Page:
The mall I grew up in, back home in Howard County, Maryland just had a shooting.
My heart goes out the the victims and people in the mall. I wanna pray for everyone there. God I just pray that you would take control of this situation! God you know these people and I just pray that you will be with them as they go through a tough situation like this oh lord! Be with them. Protect them! Show them they are safe in your arms!! Amen!
I just found out on twitter, then my sister snap chatted me, and then my mom texted me. I honestly cannot believe this happened at my childhood mall!! It always felt so safe and innocent!
I found out that three victims were shot and died. And they just found the shooter and he shot himself. Honestly what has come of this world. I tell you there is just one bad thing after the other…every day!! It sickens me!! I don’t understand how someone can be completely crazy like that!! I am certainly glad that I don’t have to deal with that because I have Jesus in my heart!!

But please be praying for the victims!!

Major Event and Concert EMS Part 2 with Dr. Kevin Seaman and Episode 403

Major Event and Concert EMS Part 2 with Dr. Kevin Seaman and Episode 403

Carbon monoxide save, improving dispatch software, paying patient’s parking ticket, and we’ll get back with Dr. Kevin Seaman from Howard County Maryland EMS with part 2 of our segments on their system’s response to major events and concerts. If that’s what you’re looking for, you found it, right here on this week’s episode of the MedicCast.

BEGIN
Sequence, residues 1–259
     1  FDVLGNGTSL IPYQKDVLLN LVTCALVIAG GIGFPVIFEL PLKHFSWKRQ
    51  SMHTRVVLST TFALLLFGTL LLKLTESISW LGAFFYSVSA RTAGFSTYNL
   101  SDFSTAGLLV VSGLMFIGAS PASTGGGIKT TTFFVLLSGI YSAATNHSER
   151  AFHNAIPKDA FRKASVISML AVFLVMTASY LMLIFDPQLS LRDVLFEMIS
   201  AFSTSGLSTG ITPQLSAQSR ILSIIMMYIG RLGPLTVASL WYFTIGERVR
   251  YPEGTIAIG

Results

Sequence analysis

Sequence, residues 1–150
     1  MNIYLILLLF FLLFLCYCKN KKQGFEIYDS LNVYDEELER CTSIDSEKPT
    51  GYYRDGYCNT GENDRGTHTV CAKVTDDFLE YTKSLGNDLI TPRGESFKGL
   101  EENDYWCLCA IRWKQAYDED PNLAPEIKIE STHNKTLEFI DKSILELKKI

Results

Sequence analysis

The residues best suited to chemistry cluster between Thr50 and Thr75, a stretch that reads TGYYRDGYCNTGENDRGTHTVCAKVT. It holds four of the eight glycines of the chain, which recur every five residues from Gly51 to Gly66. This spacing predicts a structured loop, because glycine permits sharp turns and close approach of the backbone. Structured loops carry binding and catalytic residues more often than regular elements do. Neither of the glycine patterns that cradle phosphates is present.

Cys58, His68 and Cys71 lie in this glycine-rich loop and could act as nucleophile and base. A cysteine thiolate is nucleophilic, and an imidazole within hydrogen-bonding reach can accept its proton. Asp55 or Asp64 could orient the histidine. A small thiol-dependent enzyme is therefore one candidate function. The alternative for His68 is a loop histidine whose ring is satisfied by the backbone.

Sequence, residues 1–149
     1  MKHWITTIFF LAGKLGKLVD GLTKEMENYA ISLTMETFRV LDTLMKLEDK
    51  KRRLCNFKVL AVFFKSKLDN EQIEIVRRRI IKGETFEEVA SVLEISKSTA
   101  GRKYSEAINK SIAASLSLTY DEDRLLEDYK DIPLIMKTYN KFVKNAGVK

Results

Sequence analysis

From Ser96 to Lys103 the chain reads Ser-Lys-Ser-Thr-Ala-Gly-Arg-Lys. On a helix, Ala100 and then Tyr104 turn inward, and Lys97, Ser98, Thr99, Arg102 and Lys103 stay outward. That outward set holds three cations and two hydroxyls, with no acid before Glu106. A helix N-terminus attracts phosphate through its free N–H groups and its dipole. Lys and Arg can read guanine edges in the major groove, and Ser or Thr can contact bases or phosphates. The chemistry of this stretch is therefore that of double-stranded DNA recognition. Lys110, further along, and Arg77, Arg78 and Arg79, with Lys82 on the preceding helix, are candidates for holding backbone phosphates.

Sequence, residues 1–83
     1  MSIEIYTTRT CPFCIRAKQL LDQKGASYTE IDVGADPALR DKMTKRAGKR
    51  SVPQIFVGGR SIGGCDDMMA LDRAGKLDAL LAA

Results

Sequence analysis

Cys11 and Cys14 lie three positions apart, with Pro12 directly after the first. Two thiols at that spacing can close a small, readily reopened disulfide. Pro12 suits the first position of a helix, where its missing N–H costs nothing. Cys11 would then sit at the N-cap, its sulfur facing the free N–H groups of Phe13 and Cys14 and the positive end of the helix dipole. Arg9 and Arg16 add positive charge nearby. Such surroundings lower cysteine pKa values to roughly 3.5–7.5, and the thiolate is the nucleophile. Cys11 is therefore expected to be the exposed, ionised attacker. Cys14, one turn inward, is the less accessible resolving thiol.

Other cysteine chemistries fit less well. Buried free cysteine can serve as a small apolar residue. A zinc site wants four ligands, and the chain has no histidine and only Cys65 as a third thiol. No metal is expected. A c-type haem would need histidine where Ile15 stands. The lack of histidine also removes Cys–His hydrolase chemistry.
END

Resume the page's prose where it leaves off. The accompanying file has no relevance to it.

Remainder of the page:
This episode is sponsored in part by Physio-Control.…

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Seamless Gutters in Howard County Maryland

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I love this place, too, Wordbones.

Yesterday was the memorial for Dennis Lane. (Watch a good recap of it here.) For two-plus hours friends and family members of Dennis shared memories of the man who was a huge part of the community I live in. He can never be replaced, but after the outpouring of love I saw yesterday I don’t think he’ll ever be forgotten.

His friend Tom talked about how Dennis’ blog had a line that said, “I live here, I work here, I love this place.” I love that line. I love this place too.

I moved to Columbia because my husband, then boyfriend, lived here. I didn’t get it at first, it was just like any other place I’ve lived, but you couldn’t find anything! Seriously, I just found the 7-11 last year. Anyway, over time the more time I spent here, the more the HoCo magic rubbed off on me and I not only fell in love with my hubby, but I fell in love with the HoCo too. I can’t imagine ever leaving it. Parks, recreation, city, country, drama, it has one of the nation’s top 10 cities to live in, excellent public schools, the library of the year…I could go on, but you get the idea.

When I found the HoCo Blogs network, it was just one more thing to add to the list of reasons why I love it here. But aside from all that, I’ve found that what I love most about this place is the people. The people in this community, from the bloggers to the politicians, and from the kids riding their bikes to the Columbia Bike Guy, most (there’s always the exception) everyone here seems to have a genuine interest in the community and the lives of those living in it.

Take for example my bee infestation last week. Home ownership is pretty new to me, so when I got a call from Hubby telling me that we had bees swarming in our laundry room I had no idea who to call to get rid of them. Not to mention, they were honey bees and my tree-hugging self didn’t want to see them exterminated.